Writing competently, thinking to match, and success as an in-house lawyer

A person can think well without being able to write well, but no one writes well without thinking well. From that profound claim, let’s move to the practical. Writing proficiency may in fact distinguish in-house counsel more than external counsel because busy executives have no patience for circumlocution, caveats, clumsiness and complexity. Legal genius needs the ability to express its ideas cogently.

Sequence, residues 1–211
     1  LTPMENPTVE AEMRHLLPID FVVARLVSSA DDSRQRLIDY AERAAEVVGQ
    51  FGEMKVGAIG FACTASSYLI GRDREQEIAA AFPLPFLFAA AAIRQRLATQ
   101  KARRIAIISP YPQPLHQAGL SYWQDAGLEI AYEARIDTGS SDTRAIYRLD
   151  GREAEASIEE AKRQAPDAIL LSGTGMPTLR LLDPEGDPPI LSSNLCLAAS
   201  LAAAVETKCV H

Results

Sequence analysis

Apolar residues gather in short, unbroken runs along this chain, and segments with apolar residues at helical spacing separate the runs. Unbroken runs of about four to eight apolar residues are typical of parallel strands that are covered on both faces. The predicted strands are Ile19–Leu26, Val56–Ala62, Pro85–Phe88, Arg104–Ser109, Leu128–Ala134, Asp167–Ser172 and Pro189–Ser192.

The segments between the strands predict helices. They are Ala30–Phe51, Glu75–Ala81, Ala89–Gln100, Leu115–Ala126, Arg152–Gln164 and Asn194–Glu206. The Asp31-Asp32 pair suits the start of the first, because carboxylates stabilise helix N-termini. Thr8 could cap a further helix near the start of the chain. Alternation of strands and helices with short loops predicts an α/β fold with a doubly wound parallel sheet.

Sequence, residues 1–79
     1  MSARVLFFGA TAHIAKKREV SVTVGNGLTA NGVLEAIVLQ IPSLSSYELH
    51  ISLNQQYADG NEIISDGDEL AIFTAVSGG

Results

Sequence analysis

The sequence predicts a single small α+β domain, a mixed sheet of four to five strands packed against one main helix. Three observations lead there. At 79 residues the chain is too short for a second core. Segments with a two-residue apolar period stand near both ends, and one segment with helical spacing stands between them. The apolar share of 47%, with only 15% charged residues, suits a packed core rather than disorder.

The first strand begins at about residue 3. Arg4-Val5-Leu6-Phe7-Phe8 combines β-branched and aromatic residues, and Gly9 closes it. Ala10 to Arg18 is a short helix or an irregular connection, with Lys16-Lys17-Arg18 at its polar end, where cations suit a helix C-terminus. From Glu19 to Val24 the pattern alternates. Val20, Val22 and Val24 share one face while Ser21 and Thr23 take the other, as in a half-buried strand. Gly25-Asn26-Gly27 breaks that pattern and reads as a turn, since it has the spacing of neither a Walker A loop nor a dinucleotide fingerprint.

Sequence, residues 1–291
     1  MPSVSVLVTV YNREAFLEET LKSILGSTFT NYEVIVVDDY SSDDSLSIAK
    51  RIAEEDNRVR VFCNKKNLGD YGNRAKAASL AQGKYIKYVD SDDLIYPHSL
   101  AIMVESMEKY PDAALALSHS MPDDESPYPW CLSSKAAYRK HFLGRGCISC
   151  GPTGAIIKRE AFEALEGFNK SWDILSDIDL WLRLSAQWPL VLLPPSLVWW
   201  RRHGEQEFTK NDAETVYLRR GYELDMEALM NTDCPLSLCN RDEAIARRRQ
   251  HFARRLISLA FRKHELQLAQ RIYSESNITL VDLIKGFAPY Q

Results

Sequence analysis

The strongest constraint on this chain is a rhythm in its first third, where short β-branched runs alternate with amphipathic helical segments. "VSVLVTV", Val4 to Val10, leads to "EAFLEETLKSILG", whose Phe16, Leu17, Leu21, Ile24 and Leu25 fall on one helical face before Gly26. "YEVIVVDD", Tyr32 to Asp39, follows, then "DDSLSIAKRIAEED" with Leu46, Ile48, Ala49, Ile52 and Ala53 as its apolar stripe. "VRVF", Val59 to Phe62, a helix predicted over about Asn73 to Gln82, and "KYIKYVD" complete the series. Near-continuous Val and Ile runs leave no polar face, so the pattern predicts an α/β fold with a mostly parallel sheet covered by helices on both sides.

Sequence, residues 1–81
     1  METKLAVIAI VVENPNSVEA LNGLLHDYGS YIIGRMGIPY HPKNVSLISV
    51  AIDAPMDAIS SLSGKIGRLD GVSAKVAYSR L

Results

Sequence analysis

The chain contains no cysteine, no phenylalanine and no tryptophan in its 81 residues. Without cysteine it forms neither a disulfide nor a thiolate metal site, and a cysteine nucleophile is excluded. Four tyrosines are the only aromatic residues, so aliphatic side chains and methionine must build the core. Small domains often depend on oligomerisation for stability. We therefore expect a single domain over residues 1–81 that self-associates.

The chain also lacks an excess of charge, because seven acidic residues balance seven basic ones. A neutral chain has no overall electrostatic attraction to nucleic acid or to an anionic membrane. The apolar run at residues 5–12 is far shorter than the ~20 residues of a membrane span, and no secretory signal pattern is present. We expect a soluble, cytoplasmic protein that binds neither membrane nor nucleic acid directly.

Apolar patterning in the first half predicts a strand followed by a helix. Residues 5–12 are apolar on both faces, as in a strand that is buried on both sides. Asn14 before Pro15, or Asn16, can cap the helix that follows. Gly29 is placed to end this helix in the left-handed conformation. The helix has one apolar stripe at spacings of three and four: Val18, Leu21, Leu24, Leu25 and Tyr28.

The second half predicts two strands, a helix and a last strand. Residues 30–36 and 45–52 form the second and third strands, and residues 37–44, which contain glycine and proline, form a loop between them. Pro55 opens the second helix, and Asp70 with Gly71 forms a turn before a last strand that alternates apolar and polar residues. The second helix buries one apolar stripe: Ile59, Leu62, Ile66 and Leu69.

One of the common criticisms about new graduates from law school turns to their lack of basic writing skills. An article in the NYSBA J., Sept. 2010 at 23, bemoans the poor writing skills of new lawyers. In the end, if the remedial instruction doesn’t happen at a firm, a law department may have to drag along a poor writer (See my post of Feb. 5, 2009: writing with 6 references.).

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